It fills me with love - and reminds me what Christmas - and Santa - are really all about.

It also reminded me of this post from last year. Thought I'd share.

Remember - if you don't believe, you don't receive.

Thursday, December 15, 2011

Love your body

"The point of our site is body acceptance, and stopping the cycle of body hate teens and women feel, largely because of media and ad campaigns."

That's from a comment Brittany from Curvy Girl Guide made in response to Amanda Talar's post about an article that appeared on CGG on December 12.

In a nutshell, the article takes issue with a Victoria's Secret campaign titled "I love my body" and the recent fashion show, which the company shows annually.

Amanda makes some very valid points - including that the article could be seen as a curvy girl tearing down the skinny girls. I didn't read it that way, but it doesn't mean that someone else might not. While I was in complete support of the article at first, the idea that it comes across as judgmental does make me stop and think.

If the focus is purely on how media influences body image, then I get it. The article doesn't look at the women individually, but the campaign as a whole, and to me that's understandable. That's how I took it; as a commentary on the campaign. The VS message is about what's sexy, and since all the women in the ads fit a certain mold, the message is that is sexy - and nothing else.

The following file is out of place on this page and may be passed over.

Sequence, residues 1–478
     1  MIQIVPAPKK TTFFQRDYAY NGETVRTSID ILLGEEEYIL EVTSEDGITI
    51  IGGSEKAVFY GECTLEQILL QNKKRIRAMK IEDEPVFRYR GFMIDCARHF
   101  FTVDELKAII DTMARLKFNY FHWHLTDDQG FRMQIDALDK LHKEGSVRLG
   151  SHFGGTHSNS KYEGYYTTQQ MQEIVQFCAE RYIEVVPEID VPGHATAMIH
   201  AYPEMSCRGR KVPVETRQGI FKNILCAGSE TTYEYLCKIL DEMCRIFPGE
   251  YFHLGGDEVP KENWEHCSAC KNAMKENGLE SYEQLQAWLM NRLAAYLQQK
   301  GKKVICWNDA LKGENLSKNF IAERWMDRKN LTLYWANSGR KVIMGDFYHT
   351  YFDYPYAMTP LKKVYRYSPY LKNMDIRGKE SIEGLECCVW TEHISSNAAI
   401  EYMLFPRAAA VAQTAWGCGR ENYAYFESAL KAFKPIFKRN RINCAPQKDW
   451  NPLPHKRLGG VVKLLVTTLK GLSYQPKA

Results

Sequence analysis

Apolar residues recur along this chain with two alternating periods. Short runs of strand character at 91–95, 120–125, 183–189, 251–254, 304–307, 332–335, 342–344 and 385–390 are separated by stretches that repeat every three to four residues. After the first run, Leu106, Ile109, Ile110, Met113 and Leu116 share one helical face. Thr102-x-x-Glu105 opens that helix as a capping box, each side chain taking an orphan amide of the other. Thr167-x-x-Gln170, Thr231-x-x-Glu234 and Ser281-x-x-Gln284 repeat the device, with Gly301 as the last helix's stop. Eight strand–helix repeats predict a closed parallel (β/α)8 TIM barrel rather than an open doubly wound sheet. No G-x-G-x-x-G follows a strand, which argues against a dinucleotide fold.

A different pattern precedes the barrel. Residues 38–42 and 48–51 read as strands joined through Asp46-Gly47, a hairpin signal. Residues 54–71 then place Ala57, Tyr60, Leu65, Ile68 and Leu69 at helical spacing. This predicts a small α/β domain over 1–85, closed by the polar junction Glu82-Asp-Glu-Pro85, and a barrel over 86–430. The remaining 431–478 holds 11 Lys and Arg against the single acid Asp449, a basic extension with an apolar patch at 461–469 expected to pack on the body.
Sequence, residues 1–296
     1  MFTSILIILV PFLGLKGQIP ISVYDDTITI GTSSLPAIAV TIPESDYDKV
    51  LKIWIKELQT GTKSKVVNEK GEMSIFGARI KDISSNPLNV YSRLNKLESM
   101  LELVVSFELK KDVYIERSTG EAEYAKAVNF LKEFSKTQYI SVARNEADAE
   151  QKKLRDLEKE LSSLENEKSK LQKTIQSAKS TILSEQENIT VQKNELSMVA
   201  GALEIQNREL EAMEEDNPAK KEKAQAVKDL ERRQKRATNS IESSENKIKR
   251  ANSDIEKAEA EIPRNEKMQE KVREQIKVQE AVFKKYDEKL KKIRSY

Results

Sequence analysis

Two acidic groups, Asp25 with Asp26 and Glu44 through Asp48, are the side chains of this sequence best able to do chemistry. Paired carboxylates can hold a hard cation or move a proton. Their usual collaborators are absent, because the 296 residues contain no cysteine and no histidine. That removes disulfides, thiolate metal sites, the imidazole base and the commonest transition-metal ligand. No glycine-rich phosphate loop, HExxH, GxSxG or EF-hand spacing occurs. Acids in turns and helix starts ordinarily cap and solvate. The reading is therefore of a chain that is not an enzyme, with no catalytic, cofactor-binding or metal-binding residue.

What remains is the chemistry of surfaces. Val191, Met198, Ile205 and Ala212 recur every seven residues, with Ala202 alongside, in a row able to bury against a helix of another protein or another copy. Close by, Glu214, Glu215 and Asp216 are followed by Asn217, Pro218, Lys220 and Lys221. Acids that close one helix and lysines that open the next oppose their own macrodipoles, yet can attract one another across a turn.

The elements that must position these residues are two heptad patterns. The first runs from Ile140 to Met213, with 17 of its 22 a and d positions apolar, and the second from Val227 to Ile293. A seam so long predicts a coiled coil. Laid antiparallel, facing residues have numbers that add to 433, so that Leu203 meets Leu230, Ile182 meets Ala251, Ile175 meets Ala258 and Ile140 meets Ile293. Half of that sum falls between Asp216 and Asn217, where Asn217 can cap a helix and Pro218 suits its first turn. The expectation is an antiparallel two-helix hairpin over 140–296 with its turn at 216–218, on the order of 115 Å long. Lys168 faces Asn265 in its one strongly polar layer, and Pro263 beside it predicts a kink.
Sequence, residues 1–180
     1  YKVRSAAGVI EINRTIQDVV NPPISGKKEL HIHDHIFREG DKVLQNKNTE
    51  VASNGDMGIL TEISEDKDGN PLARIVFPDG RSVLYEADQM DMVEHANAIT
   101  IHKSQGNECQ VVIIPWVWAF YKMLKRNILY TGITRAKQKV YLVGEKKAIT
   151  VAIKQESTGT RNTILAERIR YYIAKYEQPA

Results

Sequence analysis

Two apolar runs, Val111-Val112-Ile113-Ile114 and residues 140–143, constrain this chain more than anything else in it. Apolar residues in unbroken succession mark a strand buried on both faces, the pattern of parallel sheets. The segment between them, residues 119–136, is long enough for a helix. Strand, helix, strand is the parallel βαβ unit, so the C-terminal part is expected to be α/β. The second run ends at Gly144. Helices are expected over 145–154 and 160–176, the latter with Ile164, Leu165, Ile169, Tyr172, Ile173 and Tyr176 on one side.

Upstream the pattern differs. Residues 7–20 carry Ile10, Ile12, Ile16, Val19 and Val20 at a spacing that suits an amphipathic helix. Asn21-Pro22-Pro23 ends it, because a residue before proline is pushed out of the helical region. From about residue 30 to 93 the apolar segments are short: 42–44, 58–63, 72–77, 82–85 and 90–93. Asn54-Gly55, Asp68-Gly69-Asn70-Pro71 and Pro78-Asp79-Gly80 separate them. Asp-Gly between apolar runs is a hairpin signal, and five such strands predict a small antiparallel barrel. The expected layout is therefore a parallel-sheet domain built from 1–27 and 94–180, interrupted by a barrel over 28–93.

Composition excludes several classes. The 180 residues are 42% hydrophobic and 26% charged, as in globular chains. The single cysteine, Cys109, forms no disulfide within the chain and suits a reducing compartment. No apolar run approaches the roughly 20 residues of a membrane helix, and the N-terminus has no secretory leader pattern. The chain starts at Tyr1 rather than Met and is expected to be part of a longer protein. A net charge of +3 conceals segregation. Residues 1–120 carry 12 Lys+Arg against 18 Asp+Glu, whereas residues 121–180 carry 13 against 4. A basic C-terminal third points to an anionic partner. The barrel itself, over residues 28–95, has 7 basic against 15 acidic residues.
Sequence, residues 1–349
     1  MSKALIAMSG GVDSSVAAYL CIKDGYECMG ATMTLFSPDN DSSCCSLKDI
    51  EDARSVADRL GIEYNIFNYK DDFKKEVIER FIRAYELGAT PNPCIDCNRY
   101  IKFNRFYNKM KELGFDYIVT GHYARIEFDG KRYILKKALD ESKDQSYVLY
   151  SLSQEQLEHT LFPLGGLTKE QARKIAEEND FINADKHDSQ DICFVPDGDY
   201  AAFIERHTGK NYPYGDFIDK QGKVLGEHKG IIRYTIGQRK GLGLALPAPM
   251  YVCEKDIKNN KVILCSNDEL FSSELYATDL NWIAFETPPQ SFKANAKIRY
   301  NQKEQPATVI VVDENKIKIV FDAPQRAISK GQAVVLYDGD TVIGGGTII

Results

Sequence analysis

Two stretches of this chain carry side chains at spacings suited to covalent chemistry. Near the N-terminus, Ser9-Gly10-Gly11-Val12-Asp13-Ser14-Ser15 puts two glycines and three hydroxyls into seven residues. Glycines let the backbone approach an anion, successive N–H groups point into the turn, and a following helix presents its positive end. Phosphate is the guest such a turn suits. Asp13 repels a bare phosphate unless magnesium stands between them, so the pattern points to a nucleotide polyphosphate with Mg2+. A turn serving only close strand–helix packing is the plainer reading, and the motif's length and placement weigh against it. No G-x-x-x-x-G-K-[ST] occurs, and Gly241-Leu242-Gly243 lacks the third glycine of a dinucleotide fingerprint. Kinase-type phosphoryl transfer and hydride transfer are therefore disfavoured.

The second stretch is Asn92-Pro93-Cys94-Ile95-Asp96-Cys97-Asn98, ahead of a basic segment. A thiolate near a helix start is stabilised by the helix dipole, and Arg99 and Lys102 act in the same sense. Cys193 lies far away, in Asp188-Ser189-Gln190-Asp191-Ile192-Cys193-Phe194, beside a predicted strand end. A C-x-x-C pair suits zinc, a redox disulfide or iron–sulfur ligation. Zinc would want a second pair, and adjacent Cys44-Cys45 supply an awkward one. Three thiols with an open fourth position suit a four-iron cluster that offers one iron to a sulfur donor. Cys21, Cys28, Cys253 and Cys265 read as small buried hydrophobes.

I take issue with that message, and I applaud a site like CGG for doing what they can to show an alternative to women and young girls. Why? Because I grew up a "curvy" girl. I've struggled with my weight my whole life, and was made fun of horribly as a child. So much so that at 13, I considered ending my life because a classmate called me "fat and worthless."

There were no Curvy Girl Guides then; hell, there weren't even plus-size stores. I had two choices - be thin, or feel bad about myself. So to me, the mission to improve body images, particularly in young girls, and give them a place to go where they can feel good about themselves, is a noble one.

However - I don't agree that it's ever okay for women to tear each other down. I'm so used to the idea that people are made fun of for being overweight, I suppose it doesn't occur to me that people are also made fun of for being underweight. But just because I haven't experienced it doesn't mean it doesn't happen. It also doesn't make it any less hurtful than things people have said to me.

I support the message that we should love ourselves, and our bodies, no matter what; I don't support the idea that self-esteem comes from tearing someone else down. Ever.

Personally, I also don't think the media is the problem. Well - not the source of the problem, anyway. The message that thin is beautiful is popular, and the media uses that to sell. Why? Because that's what we buy. Is that the media's fault? No - they take their cues from us.

So whose fault is it if Victoria's Secret's ads make me feel bad about myself? Since I'm a grown-up - I guess it's mine. What about a young girl? That's different. She should be learning positive body image, and how to build her own self-esteem, so that when she's a grown-up, VS doesn't make her feel bad.